I am no different from many locals. I’ve been a Pittsburgh Steelers fan since I grew up on South Wells Street in Sistersville listening to games with my dad on KDKA radio and later watching TV. My wife, whom I used to tease and didn’t own a single pair of tennis shoes until she met me, has also become a loyal fan over the years. We both cheered in the ’70s for Terry Bradshaw, Joe Green and that brutal Steel Curtain, still considered the greatest defensive unit in NFL history. We are just a small part of what is known as one of the most dedicated fan bases of any NFL team in the country. The majority of this fan base is made up of hard-working blue-collar workers. Although the steel industry has taken its beating in recent decades, when you think of Pittsburgh, images of the working class celebrating their football team always come to mind. Pittsburgh is known for its steel mills, local pubs, meandering rivers, many bridges, and a busy and hardworking fan base.
Heck, even the name of the team reflects the kind of work that was done in the area at the time. Although initially referred to as the Pittsburgh Pirates when the football team was founded by Art Rooney in 1933, it later became the Steelers in 1940 when fans were invited to participate by sending in their suggestions for a new name for the ‘team.
And maybe you remember the history of the team logo? The Steelers got their Republic Steel of Cleveland insignia from all places! It is the home of our hated rival, the Cleveland Browns. The company suggested that the team use the Steelmark which was and is three diamonds with inverted and curved edges in yellow, orange and blue as their logo. It also happens to be used by the American Iron and Steel Institute. Team leaders weren’t sure what the logo was used for, so in case it wasn’t well received by fans, they only printed enough for one side of the Steelers helmets – the right side – just in case they need to replace this. The rest is history. With the logo stuck, the Steelers finished 9-5 and became the most successful team in franchise history.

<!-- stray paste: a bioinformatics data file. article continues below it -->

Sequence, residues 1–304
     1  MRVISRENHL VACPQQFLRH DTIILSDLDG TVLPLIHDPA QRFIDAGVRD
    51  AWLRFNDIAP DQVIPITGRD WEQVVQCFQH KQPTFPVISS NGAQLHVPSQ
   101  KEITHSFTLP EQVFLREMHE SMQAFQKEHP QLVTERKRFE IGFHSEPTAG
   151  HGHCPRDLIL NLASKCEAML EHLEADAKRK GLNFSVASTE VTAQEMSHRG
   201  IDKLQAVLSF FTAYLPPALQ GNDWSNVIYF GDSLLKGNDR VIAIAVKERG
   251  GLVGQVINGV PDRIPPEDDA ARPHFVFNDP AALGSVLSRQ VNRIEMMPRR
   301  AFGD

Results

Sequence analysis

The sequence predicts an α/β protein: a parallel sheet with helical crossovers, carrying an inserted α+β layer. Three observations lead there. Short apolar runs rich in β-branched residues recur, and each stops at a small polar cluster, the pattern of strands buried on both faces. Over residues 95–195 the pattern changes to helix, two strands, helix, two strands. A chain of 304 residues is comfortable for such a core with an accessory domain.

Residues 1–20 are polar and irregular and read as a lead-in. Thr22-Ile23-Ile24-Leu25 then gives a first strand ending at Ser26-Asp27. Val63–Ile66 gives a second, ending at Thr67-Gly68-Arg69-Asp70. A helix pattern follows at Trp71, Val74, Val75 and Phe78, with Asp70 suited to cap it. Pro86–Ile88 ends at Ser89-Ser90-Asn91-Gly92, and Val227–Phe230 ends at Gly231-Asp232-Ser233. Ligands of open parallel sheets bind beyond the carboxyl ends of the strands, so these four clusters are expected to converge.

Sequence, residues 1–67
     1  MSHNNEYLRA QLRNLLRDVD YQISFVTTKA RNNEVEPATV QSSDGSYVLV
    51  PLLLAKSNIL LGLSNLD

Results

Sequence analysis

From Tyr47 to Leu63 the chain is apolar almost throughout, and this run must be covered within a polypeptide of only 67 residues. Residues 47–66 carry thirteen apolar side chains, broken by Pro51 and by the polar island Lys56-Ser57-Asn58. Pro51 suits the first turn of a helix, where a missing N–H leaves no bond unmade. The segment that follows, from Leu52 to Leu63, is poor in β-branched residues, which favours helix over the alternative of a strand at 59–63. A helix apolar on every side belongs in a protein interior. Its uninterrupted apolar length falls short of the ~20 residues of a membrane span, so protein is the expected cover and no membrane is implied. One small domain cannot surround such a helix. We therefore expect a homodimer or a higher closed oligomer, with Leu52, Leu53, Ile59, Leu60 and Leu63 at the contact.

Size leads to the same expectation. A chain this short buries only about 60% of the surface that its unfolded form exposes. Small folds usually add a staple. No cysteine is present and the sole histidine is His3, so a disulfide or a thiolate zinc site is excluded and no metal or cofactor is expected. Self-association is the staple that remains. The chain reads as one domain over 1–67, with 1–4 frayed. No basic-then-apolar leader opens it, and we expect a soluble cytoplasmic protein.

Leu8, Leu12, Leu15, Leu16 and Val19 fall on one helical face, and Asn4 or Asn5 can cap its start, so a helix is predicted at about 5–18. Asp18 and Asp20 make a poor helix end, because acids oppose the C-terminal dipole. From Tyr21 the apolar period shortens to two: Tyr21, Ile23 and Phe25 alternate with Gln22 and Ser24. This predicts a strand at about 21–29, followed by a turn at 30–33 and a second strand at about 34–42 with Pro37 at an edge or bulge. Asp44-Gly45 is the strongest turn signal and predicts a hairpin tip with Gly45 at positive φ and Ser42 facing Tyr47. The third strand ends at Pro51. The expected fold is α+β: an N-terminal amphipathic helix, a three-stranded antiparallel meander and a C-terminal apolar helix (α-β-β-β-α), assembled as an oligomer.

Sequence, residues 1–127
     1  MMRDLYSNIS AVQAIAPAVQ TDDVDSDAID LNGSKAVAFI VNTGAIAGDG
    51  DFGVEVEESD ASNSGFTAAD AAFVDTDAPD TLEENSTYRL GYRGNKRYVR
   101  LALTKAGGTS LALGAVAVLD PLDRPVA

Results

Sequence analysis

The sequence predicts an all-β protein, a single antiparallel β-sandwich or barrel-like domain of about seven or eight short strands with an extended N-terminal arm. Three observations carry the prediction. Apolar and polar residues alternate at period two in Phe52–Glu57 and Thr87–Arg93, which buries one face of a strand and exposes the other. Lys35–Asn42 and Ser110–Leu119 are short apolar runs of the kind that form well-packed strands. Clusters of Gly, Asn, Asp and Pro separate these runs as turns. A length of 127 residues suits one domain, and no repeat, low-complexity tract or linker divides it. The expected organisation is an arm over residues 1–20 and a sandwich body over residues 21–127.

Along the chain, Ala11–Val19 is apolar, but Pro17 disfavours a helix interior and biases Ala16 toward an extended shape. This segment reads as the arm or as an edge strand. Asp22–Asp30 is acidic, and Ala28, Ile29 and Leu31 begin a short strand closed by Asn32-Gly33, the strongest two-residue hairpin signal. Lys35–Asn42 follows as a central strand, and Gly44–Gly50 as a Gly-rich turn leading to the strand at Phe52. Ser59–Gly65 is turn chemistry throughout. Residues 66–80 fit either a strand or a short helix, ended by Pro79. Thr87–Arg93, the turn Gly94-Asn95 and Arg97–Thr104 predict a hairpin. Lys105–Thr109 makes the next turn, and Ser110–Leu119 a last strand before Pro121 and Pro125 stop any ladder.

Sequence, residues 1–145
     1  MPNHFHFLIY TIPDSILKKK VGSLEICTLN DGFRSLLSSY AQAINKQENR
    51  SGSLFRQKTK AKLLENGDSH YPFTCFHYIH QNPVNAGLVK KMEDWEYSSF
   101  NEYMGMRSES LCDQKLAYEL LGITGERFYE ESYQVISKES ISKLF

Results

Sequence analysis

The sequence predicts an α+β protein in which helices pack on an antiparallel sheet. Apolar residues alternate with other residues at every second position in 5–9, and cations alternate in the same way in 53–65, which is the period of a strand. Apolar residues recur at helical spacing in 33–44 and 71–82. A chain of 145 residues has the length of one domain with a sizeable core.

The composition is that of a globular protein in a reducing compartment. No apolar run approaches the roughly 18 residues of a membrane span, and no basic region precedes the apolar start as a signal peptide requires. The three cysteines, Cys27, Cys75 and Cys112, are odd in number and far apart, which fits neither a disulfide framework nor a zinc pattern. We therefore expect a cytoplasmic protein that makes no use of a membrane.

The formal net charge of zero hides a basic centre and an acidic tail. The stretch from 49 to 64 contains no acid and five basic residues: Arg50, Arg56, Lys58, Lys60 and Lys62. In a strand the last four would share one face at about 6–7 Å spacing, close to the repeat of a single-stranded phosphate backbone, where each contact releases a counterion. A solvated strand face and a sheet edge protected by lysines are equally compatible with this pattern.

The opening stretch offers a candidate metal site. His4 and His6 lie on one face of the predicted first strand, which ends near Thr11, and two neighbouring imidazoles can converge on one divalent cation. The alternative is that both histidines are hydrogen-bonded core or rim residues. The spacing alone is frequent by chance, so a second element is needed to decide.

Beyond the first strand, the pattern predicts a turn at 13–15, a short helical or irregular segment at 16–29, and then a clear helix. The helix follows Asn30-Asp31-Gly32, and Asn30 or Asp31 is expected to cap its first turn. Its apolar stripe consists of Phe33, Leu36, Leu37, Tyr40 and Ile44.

Today’s helmet reflects the way it was originally designed and has never been modified. The Steelers remain the only NFL team to sport their logo on one side of the helmet. I didn’t know this story until I started writing the Press Box and found it by doing some research.
It’s amazing what you can find on the internet.
Although the Steelers and other NFL teams like the Green Bay Packers, named for workers in the meat packaging industry, were originally associated with the worker, that doesn’t ring a bell. also true today. When did the costs to go to a game skyrocket to the point that participation was out of reach for many average Americans? The costs for your ticket, parking, and one or two adult drinks inside the stadium are so high that it’ll cost you around $ 350- $ 400 to take your family of three to a game at the Heinz. Field, according to Value Penguin’s Katherine Ross. for the loan tree.
If you ask me, the cost is well worth it, but it wasn’t that long ago that I lived in Pittsburgh with two young children.
My career was only taking off, and being able to make money like that, even with inflation in mind, we should have just watched the game on TV. The reality is that the cost to attend a professional football game is simply too high for the average American and their family.